Distinguishing Science from Non-Science: Preservice Elementary Teachers’ Perspectives on Evolution, Creationism, and Intelligent Design

Ian C. Binns, Mark A. Bloom


APA 6th edition
Binns, I.C., & Bloom, M.A. (2017). Distinguishing Science from Non-Science: Preservice Elementary Teachers’ Perspectives on Evolution, Creationism, and Intelligent Design. IJEM - International Journal of Educational Methodology, 3(1), 1 - 15. doi:10.12973/ijem.3.1.1

Harvard
Binns I.C., and Bloom M.A. 2017 'Distinguishing Science from Non-Science: Preservice Elementary Teachers’ Perspectives on Evolution, Creationism, and Intelligent Design', IJEM - International Journal of Educational Methodology , vol. 3, no. 1, pp. 1 - 15. Available from: http://dx.doi.org/10.12973/ijem.3.1.1

Chicago 16th edition
Binns, Ian C. and Bloom, Mark A. . "Distinguishing Science from Non-Science: Preservice Elementary Teachers’ Perspectives on Evolution, Creationism, and Intelligent Design". (2017)IJEM - International Journal of Educational Methodology 3, no. 1(2017): 1 - 15. doi:10.12973/ijem.3.1.1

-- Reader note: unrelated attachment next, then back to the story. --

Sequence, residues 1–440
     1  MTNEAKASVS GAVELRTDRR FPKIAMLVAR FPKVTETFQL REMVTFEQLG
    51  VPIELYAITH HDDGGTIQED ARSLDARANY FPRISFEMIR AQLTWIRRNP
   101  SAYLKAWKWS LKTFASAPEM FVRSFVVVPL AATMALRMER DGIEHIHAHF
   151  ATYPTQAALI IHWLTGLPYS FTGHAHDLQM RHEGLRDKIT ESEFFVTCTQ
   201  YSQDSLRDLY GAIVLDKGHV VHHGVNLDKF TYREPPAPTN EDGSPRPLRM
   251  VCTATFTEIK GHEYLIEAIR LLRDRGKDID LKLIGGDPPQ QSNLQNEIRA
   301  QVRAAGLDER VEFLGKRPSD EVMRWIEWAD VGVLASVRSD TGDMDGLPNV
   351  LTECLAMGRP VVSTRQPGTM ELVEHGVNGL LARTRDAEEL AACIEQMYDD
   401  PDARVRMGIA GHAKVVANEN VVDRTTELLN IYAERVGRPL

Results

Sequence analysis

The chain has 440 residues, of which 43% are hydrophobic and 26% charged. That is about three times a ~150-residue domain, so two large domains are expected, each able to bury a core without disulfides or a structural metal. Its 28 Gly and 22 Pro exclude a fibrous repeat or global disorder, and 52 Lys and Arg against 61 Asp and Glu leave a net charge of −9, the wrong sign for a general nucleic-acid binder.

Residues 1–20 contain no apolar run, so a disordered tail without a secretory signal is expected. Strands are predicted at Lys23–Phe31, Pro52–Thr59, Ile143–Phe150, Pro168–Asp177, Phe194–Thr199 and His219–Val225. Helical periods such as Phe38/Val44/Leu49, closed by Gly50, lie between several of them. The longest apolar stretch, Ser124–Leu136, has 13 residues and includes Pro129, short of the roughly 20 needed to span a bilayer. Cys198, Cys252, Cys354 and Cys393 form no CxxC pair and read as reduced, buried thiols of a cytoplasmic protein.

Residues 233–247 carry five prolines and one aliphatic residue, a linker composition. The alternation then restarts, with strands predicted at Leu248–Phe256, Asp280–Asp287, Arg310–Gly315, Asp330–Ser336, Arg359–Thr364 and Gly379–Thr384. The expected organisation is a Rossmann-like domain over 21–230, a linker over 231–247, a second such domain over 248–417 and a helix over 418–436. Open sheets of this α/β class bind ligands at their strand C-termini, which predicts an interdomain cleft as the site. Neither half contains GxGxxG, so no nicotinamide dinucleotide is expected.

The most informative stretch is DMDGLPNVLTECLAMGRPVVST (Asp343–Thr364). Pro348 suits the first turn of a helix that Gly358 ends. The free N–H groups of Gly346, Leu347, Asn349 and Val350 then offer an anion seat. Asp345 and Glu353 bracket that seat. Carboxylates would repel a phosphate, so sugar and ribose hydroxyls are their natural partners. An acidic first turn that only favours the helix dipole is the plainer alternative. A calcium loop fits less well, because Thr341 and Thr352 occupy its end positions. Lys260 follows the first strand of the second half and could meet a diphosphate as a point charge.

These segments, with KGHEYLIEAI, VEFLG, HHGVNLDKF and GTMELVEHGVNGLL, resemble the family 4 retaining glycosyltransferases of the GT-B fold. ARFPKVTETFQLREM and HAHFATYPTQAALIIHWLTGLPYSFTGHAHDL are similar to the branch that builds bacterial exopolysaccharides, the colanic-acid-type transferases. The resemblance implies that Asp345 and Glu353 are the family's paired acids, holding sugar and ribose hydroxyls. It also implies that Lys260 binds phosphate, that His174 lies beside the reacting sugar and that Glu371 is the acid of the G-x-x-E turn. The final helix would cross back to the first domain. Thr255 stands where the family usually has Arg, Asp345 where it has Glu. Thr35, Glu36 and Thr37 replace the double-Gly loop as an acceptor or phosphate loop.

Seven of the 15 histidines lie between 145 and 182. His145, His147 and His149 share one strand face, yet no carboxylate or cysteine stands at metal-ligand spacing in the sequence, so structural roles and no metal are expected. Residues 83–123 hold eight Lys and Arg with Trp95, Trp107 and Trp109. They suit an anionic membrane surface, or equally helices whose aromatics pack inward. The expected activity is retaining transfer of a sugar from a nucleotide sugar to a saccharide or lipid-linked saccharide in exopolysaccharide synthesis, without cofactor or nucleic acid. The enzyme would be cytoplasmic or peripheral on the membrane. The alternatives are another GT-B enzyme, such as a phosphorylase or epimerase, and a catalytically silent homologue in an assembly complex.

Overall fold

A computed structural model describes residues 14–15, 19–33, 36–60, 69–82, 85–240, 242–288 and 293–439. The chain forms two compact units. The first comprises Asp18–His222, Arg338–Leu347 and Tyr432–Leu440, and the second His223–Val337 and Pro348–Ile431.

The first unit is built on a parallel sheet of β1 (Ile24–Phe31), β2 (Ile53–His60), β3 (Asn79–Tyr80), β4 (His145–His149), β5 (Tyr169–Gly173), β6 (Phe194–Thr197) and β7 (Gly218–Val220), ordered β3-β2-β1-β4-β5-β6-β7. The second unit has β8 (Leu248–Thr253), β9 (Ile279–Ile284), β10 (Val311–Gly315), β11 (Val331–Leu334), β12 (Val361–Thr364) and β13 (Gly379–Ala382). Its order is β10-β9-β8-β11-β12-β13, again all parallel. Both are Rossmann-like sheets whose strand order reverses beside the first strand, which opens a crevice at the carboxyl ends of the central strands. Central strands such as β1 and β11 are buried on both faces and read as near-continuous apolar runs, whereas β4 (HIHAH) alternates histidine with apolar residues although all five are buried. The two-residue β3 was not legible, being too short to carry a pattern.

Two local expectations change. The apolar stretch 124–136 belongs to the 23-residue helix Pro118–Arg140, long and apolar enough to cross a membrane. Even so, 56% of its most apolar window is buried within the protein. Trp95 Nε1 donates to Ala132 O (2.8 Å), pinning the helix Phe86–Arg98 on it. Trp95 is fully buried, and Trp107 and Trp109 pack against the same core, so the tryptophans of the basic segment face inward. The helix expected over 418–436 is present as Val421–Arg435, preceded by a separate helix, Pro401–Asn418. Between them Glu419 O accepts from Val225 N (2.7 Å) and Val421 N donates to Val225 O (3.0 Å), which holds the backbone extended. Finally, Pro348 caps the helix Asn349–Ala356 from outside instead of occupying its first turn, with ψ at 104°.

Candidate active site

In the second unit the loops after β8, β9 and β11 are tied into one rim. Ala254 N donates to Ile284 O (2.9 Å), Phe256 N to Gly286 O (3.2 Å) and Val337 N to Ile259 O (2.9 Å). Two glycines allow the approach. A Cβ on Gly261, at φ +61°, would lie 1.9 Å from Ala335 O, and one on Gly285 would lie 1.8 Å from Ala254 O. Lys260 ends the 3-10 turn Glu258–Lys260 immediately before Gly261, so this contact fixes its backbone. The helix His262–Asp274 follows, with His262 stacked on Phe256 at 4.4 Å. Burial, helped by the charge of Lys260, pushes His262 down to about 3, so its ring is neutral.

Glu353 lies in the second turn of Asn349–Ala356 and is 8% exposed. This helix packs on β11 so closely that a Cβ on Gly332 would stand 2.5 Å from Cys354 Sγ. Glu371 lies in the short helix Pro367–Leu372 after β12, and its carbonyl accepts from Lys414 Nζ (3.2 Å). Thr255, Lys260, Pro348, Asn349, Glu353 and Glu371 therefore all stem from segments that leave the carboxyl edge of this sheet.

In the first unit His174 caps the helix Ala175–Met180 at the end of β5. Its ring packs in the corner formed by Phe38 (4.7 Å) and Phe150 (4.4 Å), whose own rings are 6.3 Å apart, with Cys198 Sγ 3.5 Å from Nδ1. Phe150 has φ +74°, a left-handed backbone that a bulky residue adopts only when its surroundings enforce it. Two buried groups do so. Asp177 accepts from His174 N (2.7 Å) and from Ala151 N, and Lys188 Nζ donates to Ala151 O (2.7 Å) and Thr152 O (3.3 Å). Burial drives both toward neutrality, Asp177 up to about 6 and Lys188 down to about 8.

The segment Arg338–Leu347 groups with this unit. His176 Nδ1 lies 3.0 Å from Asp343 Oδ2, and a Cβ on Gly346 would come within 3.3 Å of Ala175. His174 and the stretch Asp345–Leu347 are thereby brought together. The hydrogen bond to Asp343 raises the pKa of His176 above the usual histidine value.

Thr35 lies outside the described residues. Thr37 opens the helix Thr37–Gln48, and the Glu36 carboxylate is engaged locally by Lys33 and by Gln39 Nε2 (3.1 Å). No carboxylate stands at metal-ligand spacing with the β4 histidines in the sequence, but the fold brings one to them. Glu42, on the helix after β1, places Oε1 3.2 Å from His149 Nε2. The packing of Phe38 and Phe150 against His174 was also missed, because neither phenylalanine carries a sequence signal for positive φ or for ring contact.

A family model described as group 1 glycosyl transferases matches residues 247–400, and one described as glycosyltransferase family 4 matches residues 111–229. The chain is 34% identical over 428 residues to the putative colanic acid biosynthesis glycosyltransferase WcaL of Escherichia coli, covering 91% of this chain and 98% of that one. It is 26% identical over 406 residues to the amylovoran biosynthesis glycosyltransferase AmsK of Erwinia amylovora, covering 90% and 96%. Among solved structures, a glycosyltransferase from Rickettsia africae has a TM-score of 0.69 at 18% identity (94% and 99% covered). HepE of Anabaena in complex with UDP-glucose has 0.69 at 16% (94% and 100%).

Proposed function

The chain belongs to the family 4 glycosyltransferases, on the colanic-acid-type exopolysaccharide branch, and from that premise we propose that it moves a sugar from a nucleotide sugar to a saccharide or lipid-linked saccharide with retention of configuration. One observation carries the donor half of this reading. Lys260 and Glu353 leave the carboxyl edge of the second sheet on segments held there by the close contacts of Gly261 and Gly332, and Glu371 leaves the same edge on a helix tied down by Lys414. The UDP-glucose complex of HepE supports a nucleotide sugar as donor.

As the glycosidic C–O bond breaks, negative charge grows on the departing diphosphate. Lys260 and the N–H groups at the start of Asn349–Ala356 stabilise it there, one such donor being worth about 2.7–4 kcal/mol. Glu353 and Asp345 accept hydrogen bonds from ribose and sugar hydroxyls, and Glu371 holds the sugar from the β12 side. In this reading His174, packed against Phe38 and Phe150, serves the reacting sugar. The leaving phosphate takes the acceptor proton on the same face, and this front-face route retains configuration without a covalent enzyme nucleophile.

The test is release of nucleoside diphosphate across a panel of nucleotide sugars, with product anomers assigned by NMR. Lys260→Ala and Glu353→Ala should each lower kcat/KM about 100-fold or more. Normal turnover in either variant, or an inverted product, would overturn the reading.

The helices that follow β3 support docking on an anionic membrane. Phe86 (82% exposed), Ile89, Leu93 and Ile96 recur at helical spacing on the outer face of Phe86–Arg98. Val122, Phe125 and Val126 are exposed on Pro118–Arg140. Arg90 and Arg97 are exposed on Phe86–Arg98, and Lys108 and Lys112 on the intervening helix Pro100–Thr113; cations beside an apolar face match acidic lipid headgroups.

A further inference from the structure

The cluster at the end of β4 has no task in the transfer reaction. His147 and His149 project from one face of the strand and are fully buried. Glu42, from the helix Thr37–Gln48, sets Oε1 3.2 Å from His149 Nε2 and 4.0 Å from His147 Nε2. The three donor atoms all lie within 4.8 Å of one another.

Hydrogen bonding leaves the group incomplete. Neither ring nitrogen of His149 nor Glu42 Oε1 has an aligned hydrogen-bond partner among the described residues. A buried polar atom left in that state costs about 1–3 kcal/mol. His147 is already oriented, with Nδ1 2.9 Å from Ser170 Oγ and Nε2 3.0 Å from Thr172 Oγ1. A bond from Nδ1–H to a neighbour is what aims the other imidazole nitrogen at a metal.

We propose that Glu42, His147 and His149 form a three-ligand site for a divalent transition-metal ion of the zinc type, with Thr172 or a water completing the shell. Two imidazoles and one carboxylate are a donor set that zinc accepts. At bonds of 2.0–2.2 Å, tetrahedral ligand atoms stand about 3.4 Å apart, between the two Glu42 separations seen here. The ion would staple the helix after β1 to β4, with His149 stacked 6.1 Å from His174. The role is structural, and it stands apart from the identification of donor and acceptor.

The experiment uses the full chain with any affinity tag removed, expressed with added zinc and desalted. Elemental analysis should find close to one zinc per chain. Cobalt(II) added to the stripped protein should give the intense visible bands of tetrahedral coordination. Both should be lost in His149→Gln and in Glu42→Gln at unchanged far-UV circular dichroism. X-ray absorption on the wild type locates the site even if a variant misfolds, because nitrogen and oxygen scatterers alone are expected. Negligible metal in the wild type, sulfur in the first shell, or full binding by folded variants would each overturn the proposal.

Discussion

Abstract

Biological evolution stands out as critically important content for K-12 education as it is considered a cornerstone of the biological sciences. Yet, it remains one of the most socially controversial topics related to science education. In this exploratory study, we are seeking to understand the ways elementary preservice teachers (PSTs) use their views of science to justify including or excluding alternative explanations to evolution in the science curriculum. This investigation included 76 PSTs who were enrolled in an elementary science methods course. Data came from an activity designed by the authors entitled “Science in the Public Schools – School Board Scenario.” The scenario proposed that the local school board was considering a motion to alter the science curriculum by introducing creationism and intelligent design (ID) to the unit on biological evolution and the PSTs had to offer their informed recommendations. The two researchers independently read and coded the data using an inductive, constant comparative approach. Findings revealed that 32 would not add creationism or ID, 26 would add both, 9 would add creationism, 6 would add ID, and 3 would only mention them. PSTs came up with diverse explanations for their decision on if to include alternative explanations when teaching evolution. Common rationales emerged within each group and are further explored.


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